Major methods for finding molecular genetic markers
DNA markers are divided into two types: type Ⅰ markers, mainly are some single genes, and used to compare the homologous loci varieties of relative distance and chain and linear correlation; Ⅱ type markers, mainly high polymorphism, information content rich DNA fragments, is one of the most commonly used microsatellite marker. Through Adjuvant Optimization, more and more kinds of molecular markers were introduced, including restricted fragment length polymorphism (RFLP), random amplified polymorphic DNA (RAPD), amplified fragment length polymorphism (AFLP), and Microsatellites. At present, there are 2,505 markers in the world's pig research, including 1,391 microsatellite markers. Ⅰ type 873, type Ⅱ mark 1632.
The main methods to search for molecular genetic markers are candidate gene method and genome scanning method.
1. Candidate gene method as a candidate gene for a trait, it is usually some genes whose biological functions and nucleic acid sequences are known, and they are involved in the growth and development process of the trait. These genes may be structural genes, regulatory genes or genes that affect the expression of traits in biochemical metabolic pathways. Candidate gene method research should follow certain steps, such as candidate gene selection primer design, gene specific fragment amplification, polymorphic locus search and so on. Candidate gene search USES genes that are thought to have a direct physiological function for a trait to find QTLS. In addition, genes found in other species that control some traits can be studied as candidate genes for pigs. For example, the h-fabp gene affects the backfat thickness and intramuscular fat content of pigs (Gerbens et al., 1999). 2000; 2001); The melanocorticoid receptor 4 (MC4R) gene was significantly correlated with the intake, backfat thickness and growth rate of pigs (Kim et al., 1999; 2000).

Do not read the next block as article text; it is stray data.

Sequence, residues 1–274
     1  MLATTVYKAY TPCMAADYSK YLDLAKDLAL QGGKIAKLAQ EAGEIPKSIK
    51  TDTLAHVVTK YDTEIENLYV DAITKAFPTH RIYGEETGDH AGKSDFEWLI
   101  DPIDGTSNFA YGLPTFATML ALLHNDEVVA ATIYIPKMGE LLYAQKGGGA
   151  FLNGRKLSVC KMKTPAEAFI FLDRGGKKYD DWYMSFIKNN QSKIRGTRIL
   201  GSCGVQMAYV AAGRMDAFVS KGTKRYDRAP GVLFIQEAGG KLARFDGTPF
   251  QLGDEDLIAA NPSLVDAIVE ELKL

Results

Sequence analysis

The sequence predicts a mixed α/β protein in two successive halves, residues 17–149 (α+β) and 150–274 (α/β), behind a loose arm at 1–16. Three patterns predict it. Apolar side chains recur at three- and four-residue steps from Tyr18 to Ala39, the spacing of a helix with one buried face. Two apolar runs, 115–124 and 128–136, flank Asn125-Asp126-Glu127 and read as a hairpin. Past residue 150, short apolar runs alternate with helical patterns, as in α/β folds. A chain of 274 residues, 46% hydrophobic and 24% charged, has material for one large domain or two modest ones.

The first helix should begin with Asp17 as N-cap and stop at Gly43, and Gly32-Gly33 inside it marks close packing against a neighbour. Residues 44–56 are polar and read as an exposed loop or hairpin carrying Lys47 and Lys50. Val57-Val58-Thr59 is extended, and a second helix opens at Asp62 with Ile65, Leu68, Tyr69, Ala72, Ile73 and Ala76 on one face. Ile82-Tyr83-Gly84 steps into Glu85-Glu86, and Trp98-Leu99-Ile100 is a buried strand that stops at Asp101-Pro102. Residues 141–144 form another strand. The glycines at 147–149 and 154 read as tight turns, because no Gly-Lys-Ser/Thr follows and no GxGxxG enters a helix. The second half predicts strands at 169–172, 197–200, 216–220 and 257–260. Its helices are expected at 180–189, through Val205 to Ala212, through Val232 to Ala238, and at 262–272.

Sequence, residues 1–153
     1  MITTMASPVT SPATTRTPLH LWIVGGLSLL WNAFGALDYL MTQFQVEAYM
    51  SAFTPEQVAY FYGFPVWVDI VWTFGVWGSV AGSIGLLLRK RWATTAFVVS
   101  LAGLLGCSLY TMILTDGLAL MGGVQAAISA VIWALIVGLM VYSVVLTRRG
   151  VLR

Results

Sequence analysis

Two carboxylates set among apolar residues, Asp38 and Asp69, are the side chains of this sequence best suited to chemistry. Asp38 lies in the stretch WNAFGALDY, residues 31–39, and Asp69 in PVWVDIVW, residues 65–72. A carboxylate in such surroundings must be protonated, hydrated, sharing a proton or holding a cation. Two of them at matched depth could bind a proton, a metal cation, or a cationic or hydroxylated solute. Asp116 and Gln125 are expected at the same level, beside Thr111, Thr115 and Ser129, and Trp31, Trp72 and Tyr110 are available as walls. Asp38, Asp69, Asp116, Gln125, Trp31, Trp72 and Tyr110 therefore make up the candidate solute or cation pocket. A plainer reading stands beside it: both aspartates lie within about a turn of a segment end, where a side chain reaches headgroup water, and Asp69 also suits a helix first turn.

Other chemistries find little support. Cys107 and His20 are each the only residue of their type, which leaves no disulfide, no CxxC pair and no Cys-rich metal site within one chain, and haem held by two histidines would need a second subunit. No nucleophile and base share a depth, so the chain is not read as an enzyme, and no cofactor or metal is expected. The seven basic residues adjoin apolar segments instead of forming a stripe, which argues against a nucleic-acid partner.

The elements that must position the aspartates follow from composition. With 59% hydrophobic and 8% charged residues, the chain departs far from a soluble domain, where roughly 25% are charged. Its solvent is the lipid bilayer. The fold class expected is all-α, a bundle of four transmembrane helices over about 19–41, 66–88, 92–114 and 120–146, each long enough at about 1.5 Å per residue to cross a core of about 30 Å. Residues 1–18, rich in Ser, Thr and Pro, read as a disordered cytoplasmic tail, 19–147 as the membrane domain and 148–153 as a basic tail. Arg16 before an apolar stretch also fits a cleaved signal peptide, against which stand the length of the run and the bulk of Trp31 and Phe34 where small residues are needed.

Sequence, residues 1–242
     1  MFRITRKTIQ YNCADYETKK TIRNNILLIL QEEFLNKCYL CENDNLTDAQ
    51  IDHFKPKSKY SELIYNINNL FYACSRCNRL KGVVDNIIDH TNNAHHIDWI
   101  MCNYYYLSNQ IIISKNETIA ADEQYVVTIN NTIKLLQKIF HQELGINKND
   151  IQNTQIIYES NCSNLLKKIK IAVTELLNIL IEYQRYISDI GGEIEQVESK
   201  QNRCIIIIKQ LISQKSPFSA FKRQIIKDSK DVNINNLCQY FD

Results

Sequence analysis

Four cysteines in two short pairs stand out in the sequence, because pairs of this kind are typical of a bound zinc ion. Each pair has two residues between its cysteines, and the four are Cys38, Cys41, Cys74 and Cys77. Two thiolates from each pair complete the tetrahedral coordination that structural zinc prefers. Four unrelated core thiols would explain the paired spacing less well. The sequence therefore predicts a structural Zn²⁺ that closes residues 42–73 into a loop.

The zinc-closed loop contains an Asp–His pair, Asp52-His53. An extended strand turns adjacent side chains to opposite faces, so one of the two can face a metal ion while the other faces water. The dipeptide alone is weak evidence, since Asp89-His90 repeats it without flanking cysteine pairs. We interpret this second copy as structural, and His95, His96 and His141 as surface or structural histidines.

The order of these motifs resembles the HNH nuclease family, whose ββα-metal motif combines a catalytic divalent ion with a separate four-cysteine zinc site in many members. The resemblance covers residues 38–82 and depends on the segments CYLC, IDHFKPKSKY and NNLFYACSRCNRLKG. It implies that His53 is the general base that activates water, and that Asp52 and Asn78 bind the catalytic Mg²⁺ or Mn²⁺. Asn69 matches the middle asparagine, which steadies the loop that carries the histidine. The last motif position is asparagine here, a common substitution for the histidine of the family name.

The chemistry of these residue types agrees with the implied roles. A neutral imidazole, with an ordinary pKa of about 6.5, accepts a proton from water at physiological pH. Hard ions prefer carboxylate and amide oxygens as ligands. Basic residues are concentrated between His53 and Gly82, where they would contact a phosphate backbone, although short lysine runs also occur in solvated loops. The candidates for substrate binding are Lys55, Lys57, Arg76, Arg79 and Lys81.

2. Genome scanning: all genetic information is stored on the 19 pairs of chromosomes of the pig. Reference families were established, such as meishan European and American pig species, wild boar big white pig, and their hybrid offspring were used to find QTL through genetic markers. The most effective design is the genotype analysis of F2 generation isolation population. Figure 4-2 is a simple schematic diagram of single genetic marker and linkage QTL analysis. Alleles of genetic markers and their linkage QTL in F1 generation were heterozygous. In the F2 generation isolation population, the ratio of the three possible genotypes per seat should be 1:2:1, when the average performance of marker genotypes is compared, the existence of linkage QTL can be analyzed.
Anderson (1994), such as reported with a wild boar by the results of the large white building reference group, using the 105 DNA markers in the genetic map, the separation of F2 generation 200 pigs linkage analysis research found that on chromosome 4 seat back fat and control the growth rate, the average genetic effect 24 g/d and 5 mm, respectively, the equivalent of F2 DaiQun total phenotypic variation of 12% and 18%. Daily weight gain can differ by more than 50g between two extreme homozygous genotypes, resulting in a 10kg weight difference at market time in pigs.